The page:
AUSTIN, Texas — Four years into their marriage, Chantelle and Courtney Graham expanded their family from two to three.
- Courtney’s egg was fertilized
- Chantelle carried baby to term
- Courtney had to legally adopt baby
Through a process called reciprocal in vitro fertilization (IVF), Courtney’s fertilized egg was placed in Chantelle, who carried their baby Maiori to term.
“So Chantelle birthed Maiori, and Maiori has my genetics," said Courtney Graham. "So that's what reciprocal IVF does is it allows you to, in our situation, for Chantelle to have this, you know, birthing connection with Maiori, but also be my genetic child. So that's like, kind of where we have the best of both worlds for sure.”
But despite being married, and Maiori having Courtney’s DNA, Courtney’s parental rights were not guaranteed.
“Same sex couples have to do more to protect their rights, especially LGBTQ couples in Texas have to do more to protect their rights than opposite sex couples," said Christine Henry Andresen, a family law attorney in Austin.
"A heterosexual couple that went through IVF, even if they didn't use the father's sperm and it was donor sperm, they're still granted their parental rights. And we aren't. So that's what's really frustrating and really unequal about the law today," said Courtney.
Both Courtney and Chantelle are on Maiori’s birth certificate, but there are cases where Texas judges only granted parental rights to the woman who gave birth to the baby.
"We thought, you know, having gay marriage legalized federally would eliminate all of these issues. And it just, it hasn't, I mean, all it covers is just the union, our union being federally recognized. It does nothing for the rest of our family," said Chantelle.
“It was really painful to hear that in our marriage, and the fact that we are like lovingly bringing a child into the world that we're suddenly second class citizens for something that seems so normal for us,” said Courtney. "We're having a baby in our marriage."
To protect her rights as a parent, Courtney had to formally adopt her own biological daughter.
"I think what really doesn't make sense to me is that our marriage is federally recognized as equal, but if we were in a heterosexual relationship, we wouldn't have to go through this. If all other things were the same, and Courtney was a man, then she wouldn't have to adopt her own child. It just felt really unfair," said Chantelle.
"You can find plenty of room in the Texas Family Code to make the argument that they shouldn't even need to do it, that these people are already parents under the family code for this reason or this reason. But because of prejudice, and because of sometimes even prejudice in the appellate courts and some court decisions, there are opinions saying otherwise. So in order to have the maximum protection, before there's a problem, [LGBTQ] people go get the court orders to protect their families," said Andresen.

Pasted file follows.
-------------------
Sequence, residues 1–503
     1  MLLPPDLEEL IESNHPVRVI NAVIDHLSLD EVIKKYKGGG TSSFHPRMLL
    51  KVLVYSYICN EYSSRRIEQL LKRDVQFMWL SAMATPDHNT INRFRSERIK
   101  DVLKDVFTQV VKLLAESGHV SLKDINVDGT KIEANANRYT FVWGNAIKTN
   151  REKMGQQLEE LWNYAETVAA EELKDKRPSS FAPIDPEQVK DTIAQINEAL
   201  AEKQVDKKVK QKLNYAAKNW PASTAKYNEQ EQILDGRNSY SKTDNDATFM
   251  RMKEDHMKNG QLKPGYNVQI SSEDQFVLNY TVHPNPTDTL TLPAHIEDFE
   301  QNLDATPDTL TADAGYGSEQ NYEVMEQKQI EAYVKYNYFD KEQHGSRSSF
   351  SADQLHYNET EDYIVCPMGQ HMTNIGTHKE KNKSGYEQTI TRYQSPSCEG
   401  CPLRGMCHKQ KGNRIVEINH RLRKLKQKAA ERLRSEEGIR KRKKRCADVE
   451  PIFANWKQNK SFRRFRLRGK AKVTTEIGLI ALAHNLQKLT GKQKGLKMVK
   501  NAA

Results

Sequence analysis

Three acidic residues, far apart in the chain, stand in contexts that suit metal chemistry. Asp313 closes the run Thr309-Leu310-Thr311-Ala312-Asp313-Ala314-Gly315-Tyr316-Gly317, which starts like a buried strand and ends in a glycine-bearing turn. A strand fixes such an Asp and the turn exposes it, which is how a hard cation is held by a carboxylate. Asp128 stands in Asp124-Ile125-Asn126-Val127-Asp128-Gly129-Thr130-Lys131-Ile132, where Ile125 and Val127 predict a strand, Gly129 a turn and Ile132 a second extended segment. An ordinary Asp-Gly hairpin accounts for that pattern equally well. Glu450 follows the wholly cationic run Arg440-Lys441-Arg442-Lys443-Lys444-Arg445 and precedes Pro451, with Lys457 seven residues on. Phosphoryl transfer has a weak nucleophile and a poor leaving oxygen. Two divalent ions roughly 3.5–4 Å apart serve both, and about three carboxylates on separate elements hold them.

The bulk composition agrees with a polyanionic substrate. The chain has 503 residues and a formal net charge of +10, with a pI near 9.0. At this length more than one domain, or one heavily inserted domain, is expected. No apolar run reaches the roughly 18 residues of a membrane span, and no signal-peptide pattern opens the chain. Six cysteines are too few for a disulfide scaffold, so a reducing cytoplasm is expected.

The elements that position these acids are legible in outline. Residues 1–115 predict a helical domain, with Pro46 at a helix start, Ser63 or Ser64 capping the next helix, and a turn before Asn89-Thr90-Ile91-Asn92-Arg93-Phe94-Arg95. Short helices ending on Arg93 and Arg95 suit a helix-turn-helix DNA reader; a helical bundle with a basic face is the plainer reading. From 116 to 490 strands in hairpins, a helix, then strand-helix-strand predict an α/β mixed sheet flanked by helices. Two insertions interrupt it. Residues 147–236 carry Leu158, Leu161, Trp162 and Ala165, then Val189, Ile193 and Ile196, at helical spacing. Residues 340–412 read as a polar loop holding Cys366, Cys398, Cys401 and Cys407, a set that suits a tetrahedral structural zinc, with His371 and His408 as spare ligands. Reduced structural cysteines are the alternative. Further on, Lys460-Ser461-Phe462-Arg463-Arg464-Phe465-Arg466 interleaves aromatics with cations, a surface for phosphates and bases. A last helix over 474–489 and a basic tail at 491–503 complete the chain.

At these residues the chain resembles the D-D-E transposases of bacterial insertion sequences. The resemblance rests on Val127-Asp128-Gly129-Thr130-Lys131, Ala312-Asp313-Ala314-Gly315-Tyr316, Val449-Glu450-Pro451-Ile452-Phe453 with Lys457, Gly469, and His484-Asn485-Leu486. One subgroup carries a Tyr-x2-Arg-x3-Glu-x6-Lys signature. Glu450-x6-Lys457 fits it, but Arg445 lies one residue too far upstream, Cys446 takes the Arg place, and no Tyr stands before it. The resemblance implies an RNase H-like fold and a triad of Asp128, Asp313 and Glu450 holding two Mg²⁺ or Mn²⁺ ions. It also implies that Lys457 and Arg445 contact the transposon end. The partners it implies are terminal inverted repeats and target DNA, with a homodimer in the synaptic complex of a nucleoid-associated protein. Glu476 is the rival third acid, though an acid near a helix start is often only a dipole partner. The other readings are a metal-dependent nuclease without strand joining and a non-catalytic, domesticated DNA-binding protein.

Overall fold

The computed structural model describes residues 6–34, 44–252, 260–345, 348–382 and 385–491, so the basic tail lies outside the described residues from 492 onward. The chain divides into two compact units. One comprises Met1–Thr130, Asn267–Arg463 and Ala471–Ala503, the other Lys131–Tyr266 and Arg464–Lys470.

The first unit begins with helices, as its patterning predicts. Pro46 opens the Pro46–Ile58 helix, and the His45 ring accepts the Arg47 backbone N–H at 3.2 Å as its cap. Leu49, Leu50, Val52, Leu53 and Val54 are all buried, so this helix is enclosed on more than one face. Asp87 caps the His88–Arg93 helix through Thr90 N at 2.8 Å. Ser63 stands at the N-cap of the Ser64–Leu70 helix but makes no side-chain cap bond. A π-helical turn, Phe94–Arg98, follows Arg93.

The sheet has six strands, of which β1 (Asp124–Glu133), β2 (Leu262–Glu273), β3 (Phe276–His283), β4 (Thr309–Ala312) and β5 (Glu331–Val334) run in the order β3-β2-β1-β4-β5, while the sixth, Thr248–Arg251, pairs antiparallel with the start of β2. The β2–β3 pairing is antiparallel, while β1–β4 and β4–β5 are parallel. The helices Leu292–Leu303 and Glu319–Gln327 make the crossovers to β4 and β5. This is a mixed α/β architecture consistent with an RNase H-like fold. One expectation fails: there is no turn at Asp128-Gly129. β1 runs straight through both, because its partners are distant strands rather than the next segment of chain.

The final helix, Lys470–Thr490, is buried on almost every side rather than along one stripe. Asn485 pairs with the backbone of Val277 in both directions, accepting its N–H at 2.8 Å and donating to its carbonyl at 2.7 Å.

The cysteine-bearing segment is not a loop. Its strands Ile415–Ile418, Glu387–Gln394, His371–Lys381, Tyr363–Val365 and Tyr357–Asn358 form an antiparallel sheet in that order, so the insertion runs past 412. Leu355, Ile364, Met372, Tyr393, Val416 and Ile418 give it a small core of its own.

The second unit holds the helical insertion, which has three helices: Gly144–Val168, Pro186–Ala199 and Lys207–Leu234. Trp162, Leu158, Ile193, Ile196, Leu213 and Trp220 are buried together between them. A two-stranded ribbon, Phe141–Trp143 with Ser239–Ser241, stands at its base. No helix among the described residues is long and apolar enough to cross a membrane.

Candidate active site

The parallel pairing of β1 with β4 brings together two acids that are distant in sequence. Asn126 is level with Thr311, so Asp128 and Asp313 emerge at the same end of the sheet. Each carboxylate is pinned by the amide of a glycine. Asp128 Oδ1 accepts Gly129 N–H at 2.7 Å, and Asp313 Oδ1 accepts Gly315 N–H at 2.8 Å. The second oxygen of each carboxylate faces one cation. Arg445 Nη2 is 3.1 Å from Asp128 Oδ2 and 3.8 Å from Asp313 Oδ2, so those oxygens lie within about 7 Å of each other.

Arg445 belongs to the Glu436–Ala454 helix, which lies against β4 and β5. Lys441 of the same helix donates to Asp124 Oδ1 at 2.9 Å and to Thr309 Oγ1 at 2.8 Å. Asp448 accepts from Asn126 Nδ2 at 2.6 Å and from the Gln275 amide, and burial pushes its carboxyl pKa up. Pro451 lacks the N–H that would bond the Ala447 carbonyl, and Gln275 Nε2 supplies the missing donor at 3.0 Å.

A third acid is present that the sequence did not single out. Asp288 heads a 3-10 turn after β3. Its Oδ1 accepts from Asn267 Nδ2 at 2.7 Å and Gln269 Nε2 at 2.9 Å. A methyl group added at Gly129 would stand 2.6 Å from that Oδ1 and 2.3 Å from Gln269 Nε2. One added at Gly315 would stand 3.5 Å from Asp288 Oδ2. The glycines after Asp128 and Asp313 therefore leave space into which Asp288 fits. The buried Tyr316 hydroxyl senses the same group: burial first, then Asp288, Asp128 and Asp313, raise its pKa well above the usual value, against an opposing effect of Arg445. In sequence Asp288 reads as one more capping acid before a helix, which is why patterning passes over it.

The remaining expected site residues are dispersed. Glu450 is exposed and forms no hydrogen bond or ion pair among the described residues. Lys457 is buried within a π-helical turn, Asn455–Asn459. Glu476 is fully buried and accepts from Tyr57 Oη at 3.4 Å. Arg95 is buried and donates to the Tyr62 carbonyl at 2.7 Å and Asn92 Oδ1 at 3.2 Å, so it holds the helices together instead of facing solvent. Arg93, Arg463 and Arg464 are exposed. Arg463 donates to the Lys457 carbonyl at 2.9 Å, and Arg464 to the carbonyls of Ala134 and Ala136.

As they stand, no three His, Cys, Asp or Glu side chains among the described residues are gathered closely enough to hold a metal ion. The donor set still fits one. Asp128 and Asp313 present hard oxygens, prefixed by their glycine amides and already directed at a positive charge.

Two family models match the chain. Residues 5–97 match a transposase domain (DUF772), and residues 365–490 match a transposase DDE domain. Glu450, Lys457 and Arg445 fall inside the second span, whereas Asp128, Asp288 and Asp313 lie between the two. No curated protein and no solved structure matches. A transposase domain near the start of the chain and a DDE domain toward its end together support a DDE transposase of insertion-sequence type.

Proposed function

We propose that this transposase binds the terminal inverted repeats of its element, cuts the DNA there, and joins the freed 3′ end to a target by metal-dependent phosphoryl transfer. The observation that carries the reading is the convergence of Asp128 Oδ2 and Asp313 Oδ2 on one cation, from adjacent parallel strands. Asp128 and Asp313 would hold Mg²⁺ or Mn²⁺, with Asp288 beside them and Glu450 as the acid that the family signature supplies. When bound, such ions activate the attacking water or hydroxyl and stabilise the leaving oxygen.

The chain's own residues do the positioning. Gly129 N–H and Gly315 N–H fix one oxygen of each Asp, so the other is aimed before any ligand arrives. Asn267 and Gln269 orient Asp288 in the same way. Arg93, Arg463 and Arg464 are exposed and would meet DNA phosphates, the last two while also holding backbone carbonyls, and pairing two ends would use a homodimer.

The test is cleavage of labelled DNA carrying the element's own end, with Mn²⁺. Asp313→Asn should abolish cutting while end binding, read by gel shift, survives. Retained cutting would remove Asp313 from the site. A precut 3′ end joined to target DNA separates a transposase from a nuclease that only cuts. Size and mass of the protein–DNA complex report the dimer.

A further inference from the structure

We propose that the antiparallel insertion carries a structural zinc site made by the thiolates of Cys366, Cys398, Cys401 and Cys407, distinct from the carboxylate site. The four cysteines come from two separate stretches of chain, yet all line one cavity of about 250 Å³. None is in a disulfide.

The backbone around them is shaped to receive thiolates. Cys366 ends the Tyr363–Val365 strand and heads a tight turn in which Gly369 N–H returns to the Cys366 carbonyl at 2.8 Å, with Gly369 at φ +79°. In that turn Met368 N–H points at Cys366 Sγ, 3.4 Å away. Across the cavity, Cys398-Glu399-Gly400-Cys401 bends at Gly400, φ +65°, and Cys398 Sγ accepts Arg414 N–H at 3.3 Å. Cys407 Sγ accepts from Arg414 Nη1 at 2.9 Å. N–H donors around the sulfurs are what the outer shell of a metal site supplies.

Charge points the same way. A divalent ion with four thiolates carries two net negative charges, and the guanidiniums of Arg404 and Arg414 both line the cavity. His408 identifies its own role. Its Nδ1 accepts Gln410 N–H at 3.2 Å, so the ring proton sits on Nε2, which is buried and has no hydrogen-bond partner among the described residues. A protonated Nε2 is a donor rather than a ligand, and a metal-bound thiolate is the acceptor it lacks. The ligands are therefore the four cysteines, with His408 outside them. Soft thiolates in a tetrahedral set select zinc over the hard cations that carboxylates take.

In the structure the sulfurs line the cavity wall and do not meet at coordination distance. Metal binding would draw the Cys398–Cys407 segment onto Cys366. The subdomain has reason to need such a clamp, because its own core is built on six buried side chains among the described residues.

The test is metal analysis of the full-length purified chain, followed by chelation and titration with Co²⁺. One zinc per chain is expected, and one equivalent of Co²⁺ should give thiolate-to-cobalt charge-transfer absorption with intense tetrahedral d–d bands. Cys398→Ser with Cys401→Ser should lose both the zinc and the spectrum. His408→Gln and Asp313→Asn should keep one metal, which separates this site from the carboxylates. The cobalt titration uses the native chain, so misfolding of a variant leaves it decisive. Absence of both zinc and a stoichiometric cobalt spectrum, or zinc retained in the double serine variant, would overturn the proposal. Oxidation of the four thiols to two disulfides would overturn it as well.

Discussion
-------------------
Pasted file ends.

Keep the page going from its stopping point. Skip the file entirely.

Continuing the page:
"I mean, it still happens all across Texas, where adoptions don't get granted to LGBT families. I mean, it really is so dependent on the county, the judge, the situation. I think what's so infuriating and kind of humiliating in this process is like that there's no protection underneath our marriage," said Courtney.
"We can use adoption, we can use parentage orders, we can use these older structures and explain to the court how this kind of family fits into these and get them the orders they need to protect their family but it's you know, it's not free," said Andresen.
The Grahams said they had to pay $900 for the home inspection, $5,000 in legal fees for the adoption, as well as court fees.
"There's a financial burden," said Courtney. "It also increases the inequality for families who can't afford a lawyer and can't afford to do this."
This week, about eight months after Maiori was born, a judge approved the adoption.
“We came out of that kind of bittersweet because we were thankful that Courtney's rights as a parent, were protected. But we're also just frustrated that we had to go through this and knew that we'd be going through it again in a couple of years," said Chantelle.
Courtney and Chantelle plan on having more children, and with each one, they'll have to go through the entire adoption process again.
“I think part of my like utopia, or my outcome of this would be can we change the laws to get it so that we're recognized in our marriage, that Maiori’s ours. And maybe that will change with getting the word out there that this is how the laws are today. And hopefully, you know, in the future we won’t have to go through this process again," said Courtney.